By Wendy Sarubbi | December 1, 2014 3:52 pm

First year medical Student Nicole Spitzer helped a 13-year-old named Devon pick out and glue colorful feathers to a paper headband while fellow first-year M.D. student Petros Svoronos battled in an Xbox game with another teen. On the other side of the Child Life Playroom, a youngster named Luke built towers of wooden blocks with Jay Kamdar, a second year medical student, and laughed as the buildings tumbled to the floor. The young patients smiled, focused on their play and projects and forgot about medications and treatments for a while.

The play is all part of the College of Medicine’s Pediatric Interest Group (PIG) monthly volunteer visit to Nemours Children’s Hospital in Lake Nona, where medical students interact with patients and try to bring back some normalcy by allowing the children time to just be kids.

“It is easy as medical students to get buried in the studying and forget about the other things in life. Spending time with the children at Nemours helps put things in perspective and helps us gain a understanding of those that we will treat,” said Jackie Babbs, a second-year medical student and one of the 50 PIG members.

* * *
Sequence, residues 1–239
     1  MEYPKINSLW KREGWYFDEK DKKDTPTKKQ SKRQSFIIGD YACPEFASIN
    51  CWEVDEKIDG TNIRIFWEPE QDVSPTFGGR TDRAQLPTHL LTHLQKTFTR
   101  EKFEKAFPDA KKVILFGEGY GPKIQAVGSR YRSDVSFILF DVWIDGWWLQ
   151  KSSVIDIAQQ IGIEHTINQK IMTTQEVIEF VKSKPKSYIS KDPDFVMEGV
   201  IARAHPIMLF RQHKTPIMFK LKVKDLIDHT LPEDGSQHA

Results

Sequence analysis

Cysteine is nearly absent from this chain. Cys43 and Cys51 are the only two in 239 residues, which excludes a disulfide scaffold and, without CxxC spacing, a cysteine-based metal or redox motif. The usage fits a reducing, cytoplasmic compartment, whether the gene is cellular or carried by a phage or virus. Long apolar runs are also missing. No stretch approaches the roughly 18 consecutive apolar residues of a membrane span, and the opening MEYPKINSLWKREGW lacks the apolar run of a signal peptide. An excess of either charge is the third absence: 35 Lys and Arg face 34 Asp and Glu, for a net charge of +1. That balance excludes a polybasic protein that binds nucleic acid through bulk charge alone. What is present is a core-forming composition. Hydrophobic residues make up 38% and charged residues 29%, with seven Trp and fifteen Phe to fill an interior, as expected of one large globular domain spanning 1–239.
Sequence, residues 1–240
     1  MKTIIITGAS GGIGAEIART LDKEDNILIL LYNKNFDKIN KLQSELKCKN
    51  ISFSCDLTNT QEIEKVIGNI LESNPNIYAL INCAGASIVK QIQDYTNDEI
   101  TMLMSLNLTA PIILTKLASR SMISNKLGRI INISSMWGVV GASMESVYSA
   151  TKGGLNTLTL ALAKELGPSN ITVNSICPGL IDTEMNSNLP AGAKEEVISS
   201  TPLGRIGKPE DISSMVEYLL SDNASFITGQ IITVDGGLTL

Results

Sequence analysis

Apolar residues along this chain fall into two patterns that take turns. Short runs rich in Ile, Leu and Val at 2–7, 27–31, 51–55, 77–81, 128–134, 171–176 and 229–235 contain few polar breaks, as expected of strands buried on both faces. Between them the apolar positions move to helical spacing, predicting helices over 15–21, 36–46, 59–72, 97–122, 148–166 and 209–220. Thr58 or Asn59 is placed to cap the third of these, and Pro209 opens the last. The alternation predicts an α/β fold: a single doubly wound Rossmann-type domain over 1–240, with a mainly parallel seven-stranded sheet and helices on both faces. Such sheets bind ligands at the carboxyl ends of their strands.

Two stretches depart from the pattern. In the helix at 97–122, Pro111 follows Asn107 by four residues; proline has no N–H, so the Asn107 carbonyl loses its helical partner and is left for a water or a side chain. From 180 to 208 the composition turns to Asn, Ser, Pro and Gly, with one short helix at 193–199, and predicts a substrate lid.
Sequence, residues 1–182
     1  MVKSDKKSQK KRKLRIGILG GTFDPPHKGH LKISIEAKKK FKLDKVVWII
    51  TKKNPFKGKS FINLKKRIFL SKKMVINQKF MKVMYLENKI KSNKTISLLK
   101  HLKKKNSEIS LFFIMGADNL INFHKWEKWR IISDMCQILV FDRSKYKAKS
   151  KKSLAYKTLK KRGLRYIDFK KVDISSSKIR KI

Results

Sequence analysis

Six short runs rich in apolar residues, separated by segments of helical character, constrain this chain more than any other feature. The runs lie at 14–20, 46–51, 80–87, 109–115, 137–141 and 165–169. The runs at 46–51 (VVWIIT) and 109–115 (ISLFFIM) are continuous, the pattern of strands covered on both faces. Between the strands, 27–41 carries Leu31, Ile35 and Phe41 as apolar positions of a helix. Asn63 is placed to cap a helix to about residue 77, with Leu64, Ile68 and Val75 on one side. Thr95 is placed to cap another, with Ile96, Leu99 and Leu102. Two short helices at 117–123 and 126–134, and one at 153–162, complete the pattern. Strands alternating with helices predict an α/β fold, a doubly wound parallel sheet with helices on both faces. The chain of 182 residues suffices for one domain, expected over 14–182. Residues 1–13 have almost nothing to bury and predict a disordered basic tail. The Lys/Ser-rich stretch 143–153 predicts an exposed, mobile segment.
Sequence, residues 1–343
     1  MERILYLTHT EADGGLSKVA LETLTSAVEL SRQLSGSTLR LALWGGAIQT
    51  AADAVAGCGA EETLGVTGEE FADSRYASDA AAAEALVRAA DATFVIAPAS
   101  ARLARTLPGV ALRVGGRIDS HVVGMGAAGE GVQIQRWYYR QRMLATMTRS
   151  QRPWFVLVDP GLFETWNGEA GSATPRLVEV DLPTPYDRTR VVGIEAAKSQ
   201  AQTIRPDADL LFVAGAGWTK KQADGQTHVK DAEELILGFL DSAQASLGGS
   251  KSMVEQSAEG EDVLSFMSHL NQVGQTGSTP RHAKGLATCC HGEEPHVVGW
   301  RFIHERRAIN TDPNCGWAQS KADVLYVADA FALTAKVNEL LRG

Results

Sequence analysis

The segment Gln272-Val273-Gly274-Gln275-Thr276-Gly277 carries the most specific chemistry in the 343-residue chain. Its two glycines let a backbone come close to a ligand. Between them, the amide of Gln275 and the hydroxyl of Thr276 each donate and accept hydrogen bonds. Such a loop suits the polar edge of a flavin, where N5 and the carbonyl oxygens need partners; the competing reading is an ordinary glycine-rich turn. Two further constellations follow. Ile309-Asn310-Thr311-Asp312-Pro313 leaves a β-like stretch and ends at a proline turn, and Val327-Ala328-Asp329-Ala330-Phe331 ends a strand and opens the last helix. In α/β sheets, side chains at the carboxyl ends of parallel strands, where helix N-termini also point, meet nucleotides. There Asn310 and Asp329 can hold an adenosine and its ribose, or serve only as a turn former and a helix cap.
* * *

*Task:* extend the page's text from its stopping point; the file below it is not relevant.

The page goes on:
Each month, students set up a theme for arts and crafts projects, often leaving materials so children can do artwork when the event is done. November’s theme was Thanksgiving, and featured a feathered headband project. Nemours volunteers and parents looked on as the children — some still dressed in their hospital gowns — concentrated on squeezing out just the right amount of glue onto their headbands and smiled proudly as they donned their new creations.

Many of the medical students are interested in going into pediatric medicine and volunteering gives them a chance to learn about the needs of young patients. “Interacting with the kids has been wonderful,“ said Babbs, “Being in the hospital often strips them (kids) of the basic things that most children get to enjoy so we are try to fill that gap by bringing activities to them.”

Nemours Child Life Specialist Samantha Garrett said the activities help keep the young patients engaged. “The kids find it enjoyable, therapeutic and creative,” she said, “to develop art with liked-minded med students.”

In addition to volunteering at Nemours once a month, the Pediatric Interest Group also does volunteer work at Camp Boggy Creek, Give Kids the World, Harbor House and the Ronald McDonald House.

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